19 Church & State
You can find something like Church & State in every arty warehouse district in America, a dim, loud bistro with industrial flooring and skeins of Edison bulbs, serving familiar French dishes to a crowd looking for its personal Montparnasse. The formula is so classic by now that everyone has forgotten whether the snails under little caps of pastry are supposed to be ironic or whether you're eating them because the herbed garlic butter tastes so good, or whether that glass of absinthe is louche or a little bit passé. What the rest of those restaurants don't have, though, is Tony Esnault in the kitchen, a chef long associated with Alain Ducasse whose sturdy terrines, burnished meats and carefully composed vegetable dishes are remarkable in their depth of flavor. You may never taste a better coq au vin, underpinned with a deep bass note of thyme.
The ideal of Japanese kaiseki, multi-course feasts designed to express the mood of a season, has quietly supplanted the more conventional French model in ambitious California restaurants. But n/naka may be the first dedicated kaiseki restaurant in Los Angeles, at least the first outside the Japanese expatriate community, and the sheer level of cooking in this modest bungalow eclipses what you find in most of the city's grand dining rooms. Niki Nakayama, a veteran of both Mori Sushi and kaiseki-oriented Japanese ryokan, grows the vegetables and herbs for her restaurant in her Arcadia backyard, inflects the hairy crab or madai with nasturtium petals and truffles as well as the expected flourishes of yuzu or grilled maitake mushrooms, and isn't beyond incorporating flavors from Italy or Hong Kong, although the soul of her cooking remains wholly Japanese. It is occasionally difficult to ascertain whether the most impressive bit of a dish is the chewy slab of Japanese halibut fin or the thimble-sized cucumber used as garnish, whose texture has been transformed into something almost luxurious through a hundred tiny slashes of her knife. The restaurant is expensive, serving only 13-course kaiseki meals at $165.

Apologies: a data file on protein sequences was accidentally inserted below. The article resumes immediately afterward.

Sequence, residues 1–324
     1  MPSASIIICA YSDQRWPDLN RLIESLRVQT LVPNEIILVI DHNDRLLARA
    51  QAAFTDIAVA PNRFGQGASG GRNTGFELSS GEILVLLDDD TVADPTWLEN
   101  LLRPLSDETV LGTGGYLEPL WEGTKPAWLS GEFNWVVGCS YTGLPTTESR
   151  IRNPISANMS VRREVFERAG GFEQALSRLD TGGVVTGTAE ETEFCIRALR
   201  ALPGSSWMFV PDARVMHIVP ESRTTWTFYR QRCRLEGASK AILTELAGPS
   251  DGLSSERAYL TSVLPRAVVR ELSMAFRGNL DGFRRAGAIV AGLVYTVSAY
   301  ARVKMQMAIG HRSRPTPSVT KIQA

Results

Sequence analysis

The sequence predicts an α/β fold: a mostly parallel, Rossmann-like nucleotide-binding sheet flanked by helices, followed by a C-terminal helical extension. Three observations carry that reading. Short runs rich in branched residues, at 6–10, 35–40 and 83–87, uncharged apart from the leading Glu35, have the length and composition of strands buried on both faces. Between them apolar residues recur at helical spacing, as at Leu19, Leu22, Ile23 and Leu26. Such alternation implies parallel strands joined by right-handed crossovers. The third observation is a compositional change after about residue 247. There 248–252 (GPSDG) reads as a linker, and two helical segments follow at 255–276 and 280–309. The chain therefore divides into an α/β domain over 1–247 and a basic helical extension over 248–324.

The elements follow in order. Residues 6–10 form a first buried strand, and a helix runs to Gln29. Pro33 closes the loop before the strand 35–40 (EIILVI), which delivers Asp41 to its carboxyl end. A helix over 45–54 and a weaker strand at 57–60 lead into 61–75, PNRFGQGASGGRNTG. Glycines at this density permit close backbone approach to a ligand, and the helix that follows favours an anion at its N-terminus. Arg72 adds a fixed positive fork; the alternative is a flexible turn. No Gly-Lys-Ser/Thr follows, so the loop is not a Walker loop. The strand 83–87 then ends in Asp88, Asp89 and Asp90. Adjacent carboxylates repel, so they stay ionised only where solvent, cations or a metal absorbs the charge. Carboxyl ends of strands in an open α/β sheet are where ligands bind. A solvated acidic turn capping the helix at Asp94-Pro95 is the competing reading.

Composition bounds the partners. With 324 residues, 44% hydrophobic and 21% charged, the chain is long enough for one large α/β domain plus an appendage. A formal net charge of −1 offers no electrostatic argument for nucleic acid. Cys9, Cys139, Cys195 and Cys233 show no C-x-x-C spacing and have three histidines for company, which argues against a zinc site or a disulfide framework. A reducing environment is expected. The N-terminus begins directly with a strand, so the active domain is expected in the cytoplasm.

AOC has been an institution for so long that it seems almost odd to settle into the Moorish patio at its new grown-up location. Ordering the same old bacon-wrapped dates feels a bit awkward. But then you settle in with a bowl of wood-oven clams with green garlic and a glass of vinho verde, and it seems like old times. If you've been to Lucques or Tavern, you know Suzanne Goin's style: strong flavors, puddles of broth and extremely seasonal produce; slivers of lemon peel where other chefs tend to use zest; lots of olives, fennel, thyme, chiles and other hints of the Provencal palette even when the dish in question comes from elsewhere. Duck confit or "Ode to Zuni" roast chicken you expect; Balinese suckling pig you may not. But you could be happy here ordering nothing but vegetables: black rice and chewy farro with pine nuts; lightly curried cauliflower, or soft, almost soupy polenta with spears of charred asparagus.